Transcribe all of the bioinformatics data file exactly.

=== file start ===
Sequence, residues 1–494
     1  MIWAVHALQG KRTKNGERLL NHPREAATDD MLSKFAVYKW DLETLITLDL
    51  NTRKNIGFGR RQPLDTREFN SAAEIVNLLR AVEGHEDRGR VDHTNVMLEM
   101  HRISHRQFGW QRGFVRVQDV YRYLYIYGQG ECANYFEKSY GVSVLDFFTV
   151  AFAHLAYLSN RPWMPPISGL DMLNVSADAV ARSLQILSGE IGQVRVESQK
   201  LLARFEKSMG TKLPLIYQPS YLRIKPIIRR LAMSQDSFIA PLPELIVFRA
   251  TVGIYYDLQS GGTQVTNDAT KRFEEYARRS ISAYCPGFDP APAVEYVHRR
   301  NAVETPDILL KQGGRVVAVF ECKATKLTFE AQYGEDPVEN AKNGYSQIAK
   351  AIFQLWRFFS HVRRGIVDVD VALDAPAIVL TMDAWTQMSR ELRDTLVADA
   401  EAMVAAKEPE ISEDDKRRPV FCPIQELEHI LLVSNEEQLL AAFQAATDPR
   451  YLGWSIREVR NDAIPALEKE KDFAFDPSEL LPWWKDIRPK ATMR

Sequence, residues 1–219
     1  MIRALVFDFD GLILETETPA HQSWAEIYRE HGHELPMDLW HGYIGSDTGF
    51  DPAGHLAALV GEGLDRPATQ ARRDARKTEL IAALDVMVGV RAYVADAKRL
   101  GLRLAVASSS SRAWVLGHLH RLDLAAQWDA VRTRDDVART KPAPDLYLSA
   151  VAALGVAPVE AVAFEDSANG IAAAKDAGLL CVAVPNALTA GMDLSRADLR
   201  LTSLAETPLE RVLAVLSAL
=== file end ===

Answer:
Sequence, residues 1–494
     1  MIWAVHALQG KRTKNGERLL NHPREAATDD MLSKFAVYKW DLETLITLDL
    51  NTRKNIGFGR RQPLDTREFN SAAEIVNLLR AVEGHEDRGR VDHTNVMLEM
   101  HRISHRQFGW QRGFVRVQDV YRYLYIYGQG ECANYFEKSY GVSVLDFFTV
   151  AFAHLAYLSN RPWMPPISGL DMLNVSADAV ARSLQILSGE IGQVRVESQK
   201  LLARFEKSMG TKLPLIYQPS YLRIKPIIRR LAMSQDSFIA PLPELIVFRA
   251  TVGIYYDLQS GGTQVTNDAT KRFEEYARRS ISAYCPGFDP APAVEYVHRR
   301  NAVETPDILL KQGGRVVAVF ECKATKLTFE AQYGEDPVEN AKNGYSQIAK
   351  AIFQLWRFFS HVRRGIVDVD VALDAPAIVL TMDAWTQMSR ELRDTLVADA
   401  EAMVAAKEPE ISEDDKRRPV FCPIQELEHI LLVSNEEQLL AAFQAATDPR
   451  YLGWSIREVR NDAIPALEKE KDFAFDPSEL LPWWKDIRPK ATMR

Sequence, residues 1–219
     1  MIRALVFDFD GLILETETPA HQSWAEIYRE HGHELPMDLW HGYIGSDTGF
    51  DPAGHLAALV GEGLDRPATQ ARRDARKTEL IAALDVMVGV RAYVADAKRL
   101  GLRLAVASSS SRAWVLGHLH RLDLAAQWDA VRTRDDVART KPAPDLYLSA
   151  VAALGVAPVE AVAFEDSANG IAAAKDAGLL CVAVPNALTA GMDLSRADLR
   201  LTSLAETPLE RVLAVLSAL